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  • International association of marrow transplant physicians and researchers works to fund a new scholarship to eliminate post-transplant complications
  • Xiao Chen, M.D., Ph.D., of the Medical College of Wisconsin selected as the 2012 Scholar in the Amy Strelzer Manasevit Research Program

March 15 2012

The American Society for Blood and Marrow Transplantation® (ASBMT) is rallying the support of its membership and other stakeholders so that more patients can benefit from life-saving research.

Since 1997, Be The Match Foundation® and the National Marrow Donor Program® (NMDP) have supported researchers working to eliminate potentially life-threatening complications through the Amy Strelzer Manasevit Research Program for the study of post-transplant complications (“The Amy Program”). Each year, a new Amy Scholar is named and awarded a $240,000 grant over three years. Given current funding levels, typically only one Amy Scholar is selected each year.

The ASBMT, an international professional association that promotes the advancement of the blood and marrow transplantation field, has partnered with the NMDP to raise funds for additional research fellowships within the Amy Program. Through this new partnership, the ASBMT hopes to raise $240,000 to support investigators and their promising research. By establishing a named fund, called The ASBMT Transplant Research Fund, ASBMT hopes to support one or more awards in the future that can be named for their organization.

Each year, thousands of patients diagnosed with leukemia and other life-threatening diseases depend on a marrow or cord blood transplant for a second chance at life. Post-transplant complications continue to be a major challenge for these patients, and more research is needed to discover new treatment and prevention solutions.

“As Chair of the Amy Scholar review and selection committee, I can personally attest that each year there are several – often three or four proposals – that merit an award. Additional selections will accelerate the rate of discovery, and the findings will advance medical practice to benefit all of our patients. This is why ASBMT is committed to this effort,” said Daniel J. Weisdorf, M.D., chair of the Amy Program review and selection committee and immediate past-president of the ASBMT.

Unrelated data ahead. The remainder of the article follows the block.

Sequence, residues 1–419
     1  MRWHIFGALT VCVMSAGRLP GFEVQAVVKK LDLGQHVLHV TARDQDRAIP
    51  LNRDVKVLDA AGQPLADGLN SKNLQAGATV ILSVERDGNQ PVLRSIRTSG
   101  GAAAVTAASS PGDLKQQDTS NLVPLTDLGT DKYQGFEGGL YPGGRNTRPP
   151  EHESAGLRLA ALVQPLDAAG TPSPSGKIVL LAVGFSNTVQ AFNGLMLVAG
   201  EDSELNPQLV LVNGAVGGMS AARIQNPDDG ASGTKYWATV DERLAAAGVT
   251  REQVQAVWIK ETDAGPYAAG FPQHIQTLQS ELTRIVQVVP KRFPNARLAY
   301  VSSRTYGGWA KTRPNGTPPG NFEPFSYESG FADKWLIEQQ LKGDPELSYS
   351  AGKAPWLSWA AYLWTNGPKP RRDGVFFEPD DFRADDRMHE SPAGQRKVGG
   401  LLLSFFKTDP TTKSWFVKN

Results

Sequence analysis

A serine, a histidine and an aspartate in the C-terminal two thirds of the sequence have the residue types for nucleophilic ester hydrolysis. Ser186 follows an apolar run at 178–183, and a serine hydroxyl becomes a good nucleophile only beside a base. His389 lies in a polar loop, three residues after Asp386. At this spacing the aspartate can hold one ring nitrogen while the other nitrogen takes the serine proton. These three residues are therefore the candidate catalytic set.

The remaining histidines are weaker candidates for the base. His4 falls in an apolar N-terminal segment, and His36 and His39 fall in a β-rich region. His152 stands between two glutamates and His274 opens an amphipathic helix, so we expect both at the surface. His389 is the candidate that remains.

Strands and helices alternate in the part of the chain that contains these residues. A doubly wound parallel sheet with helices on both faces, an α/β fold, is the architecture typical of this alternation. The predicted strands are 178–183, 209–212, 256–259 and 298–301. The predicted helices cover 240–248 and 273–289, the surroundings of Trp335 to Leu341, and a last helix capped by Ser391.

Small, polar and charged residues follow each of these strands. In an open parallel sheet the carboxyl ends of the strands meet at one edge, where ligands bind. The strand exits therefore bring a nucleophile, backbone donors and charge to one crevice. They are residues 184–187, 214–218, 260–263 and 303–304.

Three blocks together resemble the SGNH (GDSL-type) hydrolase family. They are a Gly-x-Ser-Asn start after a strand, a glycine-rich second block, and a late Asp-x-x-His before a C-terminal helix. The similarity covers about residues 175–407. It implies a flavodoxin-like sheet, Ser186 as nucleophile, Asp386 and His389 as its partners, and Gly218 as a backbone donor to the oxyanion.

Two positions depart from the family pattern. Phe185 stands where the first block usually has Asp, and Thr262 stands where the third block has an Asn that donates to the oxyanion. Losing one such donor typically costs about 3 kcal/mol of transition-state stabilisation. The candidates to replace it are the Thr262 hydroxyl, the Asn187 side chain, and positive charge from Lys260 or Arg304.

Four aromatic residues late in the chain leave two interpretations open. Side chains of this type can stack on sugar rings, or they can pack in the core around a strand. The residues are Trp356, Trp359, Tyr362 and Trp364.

The Amy Program is one of the largest and most coveted fellowships in the field of transplantation. Its goal is to launch young investigators on a life-long journey to discover solutions to potentially lethal post-transplant complications such as infection or graft-versus-host disease. GVHD occurs when the newly transplanted donor cells recognize the patient’s own cells as foreign and attack them. It has a significant impact on mortality rates and the quality of life for survivors.

The emphasis on early support attracts new talent to the field and encourages researchers to focus on these complications throughout their careers. The substantial, multi-year award enables researchers to continue with their projects consistently without having to stop and apply for further financial support. To date, the NMDP has supported 21 Amy Scholars and 13 post-doctoral fellows. The Amy Scholars were initially awarded more than $5.5 million and have leveraged their research to secure an additional $36 million in research funding.

The Amy Program was established in memory of Amy Strelzer Manasevit. A vibrant young mother of two, Amy was diagnosed with multiple myeloma in 1993. After receiving a successful marrow transplant, she succumbed to pneumonia and passed away six weeks after returning home. Manasevit’s family and friends partnered with the NMDP to establish the research program in the hope they could prevent other families from losing their loved ones.

The 2012 Amy Scholar is Dr. Xiao Chen of the Medical College of Wisconsin. Chen’s research focuses on graft-vs.-host disease that targets a patient’s gastrointestinal tract. It sets out to identify approaches to protect the gut from donor cell attack.

Dr. Xiao Chen is an Assistant Professor of Medicine at the Medical College of Wisconsin, Division of Hematology and Oncology. He obtained his medical degree from Fujian Medical University in China and his PhD degree in immunology from Technical University of Dresden in Germany. Dr. Chen came to the United States in 2001 and worked at the Medical College of Wisconsin as a post-doctorate fellow and research scientist prior to becoming an independent investigator in 2010. Since becoming a faculty member, Dr. Chen has begun developing an independent research career focused on the biology of graft-versus-host disease.

To contribute to The ASBMT Transplant Research Fund visit: